Bill Mays Inventions Trio finds intersection of chamber music, jazz
Review first appeared in Examiner Nov. 18, 2014.
It’s a shame this July 15, 2014 release on Chiaroscuro Records never received the acknowledgement Bill Mays and his Inventions Trio deserved. The inoffensive, ordinary CD cover doesn’t endorse the splendid music inside. Inside, pianist Mays, trumpeter/flugelhornist Marvin Stamm, and cellist Alisa Horn do so much with the classical/jazz art forms in a series of suites split into tributes to Bill Evans, Thelonious Monk, the soundtrack, and even a special rendition of Chick Corea’s “Spain.”
Recorded on May 7, 2012, Life’s A Movie exemplifies the marvelous things that can happen when the classical and jazz meet up. In lesser hands, the album could’ve easily gone wrong in any number of ways, boringly too classical, confusingly jazz, a multi-tiered vantage point of conflicting starts and stops. But look at the caliber of Mays and Stamm especially.
Besides considerable considered classical-jazz music, including a commission for the three-movement suite Fantasy For Cello, Trumpet & Piano — a precursor to this event, and a duo LP with flutist Bud Shank in the 1980 Concord Records release, Explorations, Mays comes from an established TV/movie background, and with a solid resume as sideman to the best in the business (Barry Manilow, Sarah Vaughan, Frank Zappa). You may have heard his music on Jay Leno’s talk show, Dallas, Gremlins, Interview With A Vampire, Rocky, Sleepless In Seattle.
“…whether playing Borodin or Bird, Bach or bop, the aim is to make the music come alive in a new way, find great melodies, be true to the composer’s underlying harmonic scheme, let the music swing, listen intently, play honestly, always honoring the rich traditions from which we’re drawing and building upon.”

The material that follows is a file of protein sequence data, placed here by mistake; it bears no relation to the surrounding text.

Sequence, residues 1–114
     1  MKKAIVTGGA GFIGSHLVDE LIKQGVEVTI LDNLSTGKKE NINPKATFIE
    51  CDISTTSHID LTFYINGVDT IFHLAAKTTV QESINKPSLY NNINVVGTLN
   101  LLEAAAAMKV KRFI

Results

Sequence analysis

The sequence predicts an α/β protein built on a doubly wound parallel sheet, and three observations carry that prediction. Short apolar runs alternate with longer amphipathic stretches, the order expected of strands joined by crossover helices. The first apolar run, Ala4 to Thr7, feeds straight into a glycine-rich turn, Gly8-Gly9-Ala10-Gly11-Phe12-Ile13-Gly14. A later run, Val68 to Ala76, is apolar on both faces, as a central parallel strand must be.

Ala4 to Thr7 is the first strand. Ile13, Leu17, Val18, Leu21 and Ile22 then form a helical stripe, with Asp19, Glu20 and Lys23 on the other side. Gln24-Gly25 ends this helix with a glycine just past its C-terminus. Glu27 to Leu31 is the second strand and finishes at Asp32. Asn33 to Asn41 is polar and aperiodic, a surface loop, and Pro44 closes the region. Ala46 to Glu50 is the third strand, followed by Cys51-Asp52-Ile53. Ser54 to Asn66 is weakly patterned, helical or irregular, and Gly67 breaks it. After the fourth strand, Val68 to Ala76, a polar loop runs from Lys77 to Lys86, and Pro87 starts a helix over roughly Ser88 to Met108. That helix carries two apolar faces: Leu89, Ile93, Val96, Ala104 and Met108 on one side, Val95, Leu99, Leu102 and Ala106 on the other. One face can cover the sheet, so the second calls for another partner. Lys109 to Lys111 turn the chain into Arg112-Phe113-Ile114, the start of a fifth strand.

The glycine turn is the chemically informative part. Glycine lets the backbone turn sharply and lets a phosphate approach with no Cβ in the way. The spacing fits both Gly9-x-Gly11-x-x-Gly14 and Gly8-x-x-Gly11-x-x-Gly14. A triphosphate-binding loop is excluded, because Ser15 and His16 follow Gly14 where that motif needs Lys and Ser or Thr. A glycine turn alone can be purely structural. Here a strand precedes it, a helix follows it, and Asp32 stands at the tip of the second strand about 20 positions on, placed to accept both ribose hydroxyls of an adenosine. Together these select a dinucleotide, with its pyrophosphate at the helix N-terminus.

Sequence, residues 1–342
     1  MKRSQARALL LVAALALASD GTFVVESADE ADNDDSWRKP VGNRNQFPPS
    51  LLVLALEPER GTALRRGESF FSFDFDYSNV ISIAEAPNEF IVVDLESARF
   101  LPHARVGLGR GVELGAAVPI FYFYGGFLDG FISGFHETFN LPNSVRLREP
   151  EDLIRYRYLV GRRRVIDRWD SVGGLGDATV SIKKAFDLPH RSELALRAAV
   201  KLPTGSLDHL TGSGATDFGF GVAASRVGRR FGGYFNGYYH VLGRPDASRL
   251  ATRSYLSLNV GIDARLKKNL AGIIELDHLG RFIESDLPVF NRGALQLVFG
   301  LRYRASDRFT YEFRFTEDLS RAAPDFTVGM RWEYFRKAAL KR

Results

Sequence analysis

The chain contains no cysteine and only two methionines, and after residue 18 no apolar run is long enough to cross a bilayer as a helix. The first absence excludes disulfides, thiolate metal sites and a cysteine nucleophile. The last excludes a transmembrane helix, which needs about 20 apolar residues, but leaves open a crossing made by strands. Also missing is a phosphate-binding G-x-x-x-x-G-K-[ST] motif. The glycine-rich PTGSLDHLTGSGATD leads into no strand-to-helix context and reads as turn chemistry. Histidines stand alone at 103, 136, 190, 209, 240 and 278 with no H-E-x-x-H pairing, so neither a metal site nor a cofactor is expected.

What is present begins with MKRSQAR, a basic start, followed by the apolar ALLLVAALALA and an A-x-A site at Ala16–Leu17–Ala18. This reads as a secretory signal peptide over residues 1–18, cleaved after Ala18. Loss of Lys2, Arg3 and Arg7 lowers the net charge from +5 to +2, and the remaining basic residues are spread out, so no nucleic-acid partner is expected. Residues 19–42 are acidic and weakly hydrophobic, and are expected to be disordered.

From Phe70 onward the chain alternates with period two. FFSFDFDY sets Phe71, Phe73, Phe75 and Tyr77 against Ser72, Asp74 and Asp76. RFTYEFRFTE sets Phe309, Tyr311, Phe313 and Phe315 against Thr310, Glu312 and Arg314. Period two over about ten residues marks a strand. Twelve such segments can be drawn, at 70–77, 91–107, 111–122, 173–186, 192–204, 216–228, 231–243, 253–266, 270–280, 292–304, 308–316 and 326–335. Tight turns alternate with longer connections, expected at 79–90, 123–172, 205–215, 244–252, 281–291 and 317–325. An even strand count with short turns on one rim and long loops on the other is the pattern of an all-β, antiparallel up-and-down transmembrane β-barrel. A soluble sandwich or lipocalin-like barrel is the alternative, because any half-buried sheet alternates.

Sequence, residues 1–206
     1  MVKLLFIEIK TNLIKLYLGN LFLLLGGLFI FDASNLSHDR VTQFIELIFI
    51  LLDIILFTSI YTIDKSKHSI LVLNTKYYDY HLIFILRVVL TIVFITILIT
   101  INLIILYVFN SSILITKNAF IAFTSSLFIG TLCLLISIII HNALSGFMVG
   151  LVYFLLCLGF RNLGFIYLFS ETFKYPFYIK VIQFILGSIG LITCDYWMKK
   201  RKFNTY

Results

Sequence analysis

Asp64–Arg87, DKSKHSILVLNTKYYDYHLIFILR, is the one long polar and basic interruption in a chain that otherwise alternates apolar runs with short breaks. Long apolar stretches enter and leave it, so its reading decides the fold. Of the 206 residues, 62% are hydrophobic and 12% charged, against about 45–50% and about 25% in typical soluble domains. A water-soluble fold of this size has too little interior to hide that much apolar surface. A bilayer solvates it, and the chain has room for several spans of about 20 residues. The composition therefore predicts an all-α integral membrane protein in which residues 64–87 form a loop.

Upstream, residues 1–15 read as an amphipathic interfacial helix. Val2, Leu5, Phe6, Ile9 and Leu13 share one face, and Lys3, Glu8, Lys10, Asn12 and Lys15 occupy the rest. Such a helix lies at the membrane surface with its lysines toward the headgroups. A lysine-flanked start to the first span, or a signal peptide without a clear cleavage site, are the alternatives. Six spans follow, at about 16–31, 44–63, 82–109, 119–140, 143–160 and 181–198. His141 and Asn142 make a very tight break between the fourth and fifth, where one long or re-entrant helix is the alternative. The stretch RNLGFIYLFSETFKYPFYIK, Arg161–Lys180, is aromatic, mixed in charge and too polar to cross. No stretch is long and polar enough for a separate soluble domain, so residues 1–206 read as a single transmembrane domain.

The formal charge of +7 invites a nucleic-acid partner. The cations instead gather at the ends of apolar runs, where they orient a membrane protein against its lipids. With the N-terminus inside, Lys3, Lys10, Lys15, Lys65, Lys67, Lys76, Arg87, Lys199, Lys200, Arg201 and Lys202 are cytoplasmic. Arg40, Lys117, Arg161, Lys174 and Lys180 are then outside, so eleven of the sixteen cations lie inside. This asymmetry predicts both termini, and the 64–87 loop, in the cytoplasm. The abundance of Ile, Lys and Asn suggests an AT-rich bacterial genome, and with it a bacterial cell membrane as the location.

Stamm, his musical partner on this gig, played on the Thad Jones/Mel Lewis Jazz Orchestra, the American Jazz Orchestra with pianist/composer John Lewis, and the Stan Kenton and Woody Herman Orchestras (as a trumpet soloist). He also backed Frank Sinatra.
Together, these jazz veterans make plenty of room for Memphis, TN native Alisa Horn, once the principal cellist of the Henry Mancini Institute Orchestra in the summer of 2006.
“Waltz For Debby” never sounded better. Mays just flies over the keys fluid and lithe as can be, Stamm deepens the melody on horns, and they open the doors for cellist Horn to skirt both issues into a crevice of ballet-like movements.
As beautiful as the trio of musicians sound under the Bill Evans material, they can turn on a dime and go charging into enveloping cacophonous territory with Monk’s stark, almost frigidly jagged “Straight, No Chaser.” Although, Horn does infuse quite a bit of old fashioned, music hall warmth, in the almost countrified lilt of her bow, as Mays throws down a little honky tonk and Stamm holds down the Monk form underneath.
Their cover of Chick Corea’s “Spain” is surprisingly dead-on, complete with tricky timing and three-part sutures — on the strength of Mays and Stamm’s precarious but confident lead. Mays makes bold, inventive choices the times he must solo through (well, this is Corea’s game). Horn knows when to accent, beautifying the angular, staccato runs. Stamm’s horn goes on into forever.
Check out “Life’s A Movie: 4 Cues In Search Of A Film.” Mays’ bass-like piano run in “Chase” is the stuff of legend.